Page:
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After the crisis, what will your financial health be?

This awful virus caused a humanitarian crisis that quickly became a financial crisis in households throughout the world. The priority is to keep people alive, and there aren’t enough kind words to describe the men and women in the medical field who are working to that end.

In the blink of an eye, the economy’s shutdown sent millions of households from steady paychecks to the unemployment ranks. From record employment numbers, we plummeted to 17 million unemployed in record time.

It felt as if the economy was cruising full speed down the highway and a brick wall materialized in front of it from out of nowhere. I was disappointed, from a financial perspective, by how many households were caught without a rainy-day fund.

I’ve always encouraged people to have enough money set aside for at least three months worth of expenses. You never know when a crisis might arise, like now. Realistically though, far too many households don’t have cash reserves because they’re barely surviving from paycheck to paycheck. That’s a recipe for late or missed payments.

But while I understand why there are so many families living check to check, there’s something I don’t quite fathom. Why are so many who do have the resources spending so much more than their take-home pay? Frankly, it’s poor financial management and lack of discipline.

Most financial advisors have crossed paths with people who have significant income, but somehow manage to spend $1.10 for every dollar they make, regardless of what they earn. It's called living beyond your means.

I saw this during the crisis of 2008-9, and I see it happening again. Once we get through this health crisis, we need to strive to get everyone back onto the financial treadmill. Especially those living paycheck to paycheck.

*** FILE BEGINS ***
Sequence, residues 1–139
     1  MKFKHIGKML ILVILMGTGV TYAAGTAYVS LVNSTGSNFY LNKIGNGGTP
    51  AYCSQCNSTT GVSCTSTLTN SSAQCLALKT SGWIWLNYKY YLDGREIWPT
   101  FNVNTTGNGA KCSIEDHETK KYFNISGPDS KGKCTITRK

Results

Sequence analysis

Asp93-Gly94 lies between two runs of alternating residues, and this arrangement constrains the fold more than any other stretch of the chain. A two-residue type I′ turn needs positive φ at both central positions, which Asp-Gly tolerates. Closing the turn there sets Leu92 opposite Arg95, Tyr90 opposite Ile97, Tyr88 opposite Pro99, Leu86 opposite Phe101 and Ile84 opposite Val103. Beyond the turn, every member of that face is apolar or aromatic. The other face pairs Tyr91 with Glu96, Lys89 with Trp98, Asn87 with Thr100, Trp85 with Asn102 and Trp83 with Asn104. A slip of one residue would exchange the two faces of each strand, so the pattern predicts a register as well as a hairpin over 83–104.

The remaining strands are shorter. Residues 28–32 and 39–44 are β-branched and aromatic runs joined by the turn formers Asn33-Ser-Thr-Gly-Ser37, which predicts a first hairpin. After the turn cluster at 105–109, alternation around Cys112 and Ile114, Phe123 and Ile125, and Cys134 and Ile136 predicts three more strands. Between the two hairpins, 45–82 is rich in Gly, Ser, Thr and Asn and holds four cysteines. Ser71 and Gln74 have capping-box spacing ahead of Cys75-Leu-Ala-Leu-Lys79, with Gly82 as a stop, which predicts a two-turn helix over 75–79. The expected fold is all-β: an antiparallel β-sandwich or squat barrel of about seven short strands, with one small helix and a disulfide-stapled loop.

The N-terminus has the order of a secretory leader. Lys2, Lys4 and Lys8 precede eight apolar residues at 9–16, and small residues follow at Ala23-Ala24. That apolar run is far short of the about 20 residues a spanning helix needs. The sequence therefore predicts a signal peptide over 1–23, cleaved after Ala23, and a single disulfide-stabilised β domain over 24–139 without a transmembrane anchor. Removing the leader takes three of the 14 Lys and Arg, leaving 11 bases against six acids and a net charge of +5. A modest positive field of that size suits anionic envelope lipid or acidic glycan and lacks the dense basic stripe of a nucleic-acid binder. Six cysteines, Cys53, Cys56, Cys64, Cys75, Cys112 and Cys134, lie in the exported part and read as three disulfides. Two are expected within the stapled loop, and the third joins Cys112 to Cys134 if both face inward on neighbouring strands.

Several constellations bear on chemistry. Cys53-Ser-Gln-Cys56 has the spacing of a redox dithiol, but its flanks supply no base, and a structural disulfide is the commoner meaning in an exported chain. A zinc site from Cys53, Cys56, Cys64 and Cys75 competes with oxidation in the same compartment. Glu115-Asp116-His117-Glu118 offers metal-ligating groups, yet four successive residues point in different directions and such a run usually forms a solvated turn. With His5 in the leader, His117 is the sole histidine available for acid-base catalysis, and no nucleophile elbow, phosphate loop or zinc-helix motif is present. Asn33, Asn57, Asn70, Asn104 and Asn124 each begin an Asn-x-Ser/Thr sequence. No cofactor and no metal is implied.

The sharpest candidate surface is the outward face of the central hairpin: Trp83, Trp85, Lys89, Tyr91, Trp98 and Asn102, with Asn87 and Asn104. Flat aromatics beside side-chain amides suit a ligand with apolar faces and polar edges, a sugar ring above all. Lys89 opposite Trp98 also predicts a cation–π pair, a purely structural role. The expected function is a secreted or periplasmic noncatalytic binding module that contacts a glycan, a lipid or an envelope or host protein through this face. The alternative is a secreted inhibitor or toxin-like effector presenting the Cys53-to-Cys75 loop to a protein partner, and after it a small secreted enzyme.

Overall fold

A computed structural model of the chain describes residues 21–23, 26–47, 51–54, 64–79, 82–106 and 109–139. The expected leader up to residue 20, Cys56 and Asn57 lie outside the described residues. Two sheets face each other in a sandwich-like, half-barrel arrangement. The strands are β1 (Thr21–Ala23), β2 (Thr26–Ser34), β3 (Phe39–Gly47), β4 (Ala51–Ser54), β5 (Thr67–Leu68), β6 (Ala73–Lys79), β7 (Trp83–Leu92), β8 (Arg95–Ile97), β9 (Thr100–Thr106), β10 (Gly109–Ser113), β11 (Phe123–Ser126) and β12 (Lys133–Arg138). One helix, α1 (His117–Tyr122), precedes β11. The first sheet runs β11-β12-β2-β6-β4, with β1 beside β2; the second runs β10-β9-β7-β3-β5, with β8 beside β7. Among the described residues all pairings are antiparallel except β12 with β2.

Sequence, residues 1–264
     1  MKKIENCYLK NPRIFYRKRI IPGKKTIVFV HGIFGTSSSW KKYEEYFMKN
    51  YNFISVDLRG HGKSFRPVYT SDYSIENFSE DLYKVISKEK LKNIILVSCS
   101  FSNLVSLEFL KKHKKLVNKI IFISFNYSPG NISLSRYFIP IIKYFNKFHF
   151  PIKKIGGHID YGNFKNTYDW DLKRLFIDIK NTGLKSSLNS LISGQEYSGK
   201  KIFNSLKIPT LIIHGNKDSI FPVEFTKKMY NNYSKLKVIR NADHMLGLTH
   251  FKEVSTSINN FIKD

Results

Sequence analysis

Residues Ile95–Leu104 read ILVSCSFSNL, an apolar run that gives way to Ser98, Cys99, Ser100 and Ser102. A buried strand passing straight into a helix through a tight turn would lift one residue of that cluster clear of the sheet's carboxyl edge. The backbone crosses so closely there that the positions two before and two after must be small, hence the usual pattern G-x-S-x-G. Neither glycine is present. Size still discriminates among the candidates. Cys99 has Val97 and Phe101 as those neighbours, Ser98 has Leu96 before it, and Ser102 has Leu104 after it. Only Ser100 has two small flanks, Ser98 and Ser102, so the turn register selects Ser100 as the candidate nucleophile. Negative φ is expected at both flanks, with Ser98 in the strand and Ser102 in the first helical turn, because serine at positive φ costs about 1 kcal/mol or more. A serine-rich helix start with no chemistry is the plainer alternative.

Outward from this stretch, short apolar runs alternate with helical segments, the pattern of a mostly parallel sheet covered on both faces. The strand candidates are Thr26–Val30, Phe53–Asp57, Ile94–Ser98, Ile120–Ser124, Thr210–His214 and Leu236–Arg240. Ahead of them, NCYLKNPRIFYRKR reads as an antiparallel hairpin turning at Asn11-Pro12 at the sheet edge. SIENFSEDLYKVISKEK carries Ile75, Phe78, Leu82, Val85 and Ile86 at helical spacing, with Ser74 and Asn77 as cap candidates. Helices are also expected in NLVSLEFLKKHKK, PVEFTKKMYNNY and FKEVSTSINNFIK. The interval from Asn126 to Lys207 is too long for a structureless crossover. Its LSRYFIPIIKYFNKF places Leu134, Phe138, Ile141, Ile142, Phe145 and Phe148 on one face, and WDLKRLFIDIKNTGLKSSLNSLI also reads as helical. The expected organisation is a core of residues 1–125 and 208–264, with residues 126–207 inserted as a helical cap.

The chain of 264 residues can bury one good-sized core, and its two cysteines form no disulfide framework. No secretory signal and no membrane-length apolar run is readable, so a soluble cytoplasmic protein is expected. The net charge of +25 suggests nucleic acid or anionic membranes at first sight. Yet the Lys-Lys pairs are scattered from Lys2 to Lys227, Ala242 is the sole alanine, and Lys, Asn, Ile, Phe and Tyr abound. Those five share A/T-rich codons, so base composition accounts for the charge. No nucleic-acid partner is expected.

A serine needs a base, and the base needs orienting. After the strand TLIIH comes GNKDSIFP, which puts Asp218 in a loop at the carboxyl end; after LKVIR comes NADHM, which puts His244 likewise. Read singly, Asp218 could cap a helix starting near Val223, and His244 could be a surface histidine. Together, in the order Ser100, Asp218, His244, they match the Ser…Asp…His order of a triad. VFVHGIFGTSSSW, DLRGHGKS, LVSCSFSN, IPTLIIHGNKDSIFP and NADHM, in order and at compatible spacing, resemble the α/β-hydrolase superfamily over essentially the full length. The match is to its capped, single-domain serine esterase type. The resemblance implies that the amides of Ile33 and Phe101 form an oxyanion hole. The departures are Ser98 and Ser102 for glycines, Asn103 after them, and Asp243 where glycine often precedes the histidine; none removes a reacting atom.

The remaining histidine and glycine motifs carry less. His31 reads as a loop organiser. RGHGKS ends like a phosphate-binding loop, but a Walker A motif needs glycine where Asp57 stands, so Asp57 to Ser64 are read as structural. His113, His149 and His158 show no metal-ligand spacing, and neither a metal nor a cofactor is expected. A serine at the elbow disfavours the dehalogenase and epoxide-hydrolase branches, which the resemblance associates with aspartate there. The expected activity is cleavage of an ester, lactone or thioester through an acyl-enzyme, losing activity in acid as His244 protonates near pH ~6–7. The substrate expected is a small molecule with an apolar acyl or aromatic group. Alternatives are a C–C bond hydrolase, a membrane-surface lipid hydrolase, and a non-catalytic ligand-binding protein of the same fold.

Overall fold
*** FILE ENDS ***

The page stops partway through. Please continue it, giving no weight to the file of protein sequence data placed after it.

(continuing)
It will likely be difficult, but it’s important to work toward paying off overdue bills and building an emergency cash reserve. For example, if it used to cost $30 to fill the gas tank and it’s now $20, put that extra $10 in the bank instead of spending it.

Another example is what some people call the $5 Challenge. Simply stated, whenever you get a $5 bill in change, save it rather than spend it. Even with small amounts, a little discipline can lead to a meaningful number over time.

There are many programs and policies coming out of our nation’s capital attempting to jumpstart the economy once the health crisis passes. By now, most are aware that the government is distributing stimulus checks to households. There’s also a similar program geared to help small businesses.

Offered through banks, the objective is to help them keep their doors open and pay their employees. The business community’s demand for this program has been overwhelming.

I don’t like the idea of tapping into your retirement account early, but there are now special provisions where the10 percent penalty will be waived for early withdrawal if certain Corona related issues created a financial hardship.

There are even certain provisions that help current retirees. For example, Uncle Sam is waiving the 2020 required minimum distributions for those over the age of 70.

One thing is for certain: There will be no shortage of financial topics requiring in-depth discussions in the coming months.